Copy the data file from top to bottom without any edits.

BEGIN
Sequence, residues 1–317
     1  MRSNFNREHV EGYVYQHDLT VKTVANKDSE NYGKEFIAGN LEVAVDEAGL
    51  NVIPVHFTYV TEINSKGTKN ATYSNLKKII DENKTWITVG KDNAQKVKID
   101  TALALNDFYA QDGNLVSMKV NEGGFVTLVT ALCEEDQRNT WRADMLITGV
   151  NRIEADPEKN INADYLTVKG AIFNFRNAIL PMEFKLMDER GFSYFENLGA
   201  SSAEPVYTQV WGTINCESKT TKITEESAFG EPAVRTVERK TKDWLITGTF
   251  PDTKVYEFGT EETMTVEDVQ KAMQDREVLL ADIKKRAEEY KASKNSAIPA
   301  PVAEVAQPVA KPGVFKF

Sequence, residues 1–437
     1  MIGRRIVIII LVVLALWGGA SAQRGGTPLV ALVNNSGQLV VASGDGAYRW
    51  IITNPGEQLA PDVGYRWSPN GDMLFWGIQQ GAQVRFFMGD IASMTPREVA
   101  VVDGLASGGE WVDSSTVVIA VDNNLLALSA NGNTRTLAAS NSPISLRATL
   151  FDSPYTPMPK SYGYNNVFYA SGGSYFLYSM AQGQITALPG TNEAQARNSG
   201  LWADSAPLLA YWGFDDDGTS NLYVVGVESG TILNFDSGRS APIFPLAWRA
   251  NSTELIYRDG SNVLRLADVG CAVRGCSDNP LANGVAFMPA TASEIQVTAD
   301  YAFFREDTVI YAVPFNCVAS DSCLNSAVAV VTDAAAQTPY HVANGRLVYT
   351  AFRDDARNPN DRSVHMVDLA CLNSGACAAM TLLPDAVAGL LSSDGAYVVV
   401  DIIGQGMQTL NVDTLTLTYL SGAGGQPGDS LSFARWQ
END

Sequence, residues 1–317
     1  MRSNFNREHV EGYVYQHDLT VKTVANKDSE NYGKEFIAGN LEVAVDEAGL
    51  NVIPVHFTYV TEINSKGTKN ATYSNLKKII DENKTWITVG KDNAQKVKID
   101  TALALNDFYA QDGNLVSMKV NEGGFVTLVT ALCEEDQRNT WRADMLITGV
   151  NRIEADPEKN INADYLTVKG AIFNFRNAIL PMEFKLMDER GFSYFENLGA
   201  SSAEPVYTQV WGTINCESKT TKITEESAFG EPAVRTVERK TKDWLITGTF
   251  PDTKVYEFGT EETMTVEDVQ KAMQDREVLL ADIKKRAEEY KASKNSAIPA
   301  PVAEVAQPVA KPGVFKF

Sequence, residues 1–437
     1  MIGRRIVIII LVVLALWGGA SAQRGGTPLV ALVNNSGQLV VASGDGAYRW
    51  IITNPGEQLA PDVGYRWSPN GDMLFWGIQQ GAQVRFFMGD IASMTPREVA
   101  VVDGLASGGE WVDSSTVVIA VDNNLLALSA NGNTRTLAAS NSPISLRATL
   151  FDSPYTPMPK SYGYNNVFYA SGGSYFLYSM AQGQITALPG TNEAQARNSG
   201  LWADSAPLLA YWGFDDDGTS NLYVVGVESG TILNFDSGRS APIFPLAWRA
   251  NSTELIYRDG SNVLRLADVG CAVRGCSDNP LANGVAFMPA TASEIQVTAD
   301  YAFFREDTVI YAVPFNCVAS DSCLNSAVAV VTDAAAQTPY HVANGRLVYT
   351  AFRDDARNPN DRSVHMVDLA CLNSGACAAM TLLPDAVAGL LSSDGAYVVV
   401  DIIGQGMQTL NVDTLTLTYL SGAGGQPGDS LSFARWQ